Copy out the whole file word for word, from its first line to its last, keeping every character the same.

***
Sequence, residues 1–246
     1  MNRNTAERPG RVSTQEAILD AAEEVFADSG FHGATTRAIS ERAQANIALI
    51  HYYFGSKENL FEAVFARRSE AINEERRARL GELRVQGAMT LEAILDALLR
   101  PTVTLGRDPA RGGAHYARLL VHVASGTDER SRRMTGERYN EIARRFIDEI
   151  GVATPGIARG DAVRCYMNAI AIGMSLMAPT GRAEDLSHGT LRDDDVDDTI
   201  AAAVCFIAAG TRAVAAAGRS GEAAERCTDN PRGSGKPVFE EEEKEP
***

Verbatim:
Sequence, residues 1–246
     1  MNRNTAERPG RVSTQEAILD AAEEVFADSG FHGATTRAIS ERAQANIALI
    51  HYYFGSKENL FEAVFARRSE AINEERRARL GELRVQGAMT LEAILDALLR
   101  PTVTLGRDPA RGGAHYARLL VHVASGTDER SRRMTGERYN EIARRFIDEI
   151  GVATPGIARG DAVRCYMNAI AIGMSLMAPT GRAEDLSHGT LRDDDVDDTI
   201  AAAVCFIAAG TRAVAAAGRS GEAAERCTDN PRGSGKPVFE EEEKEP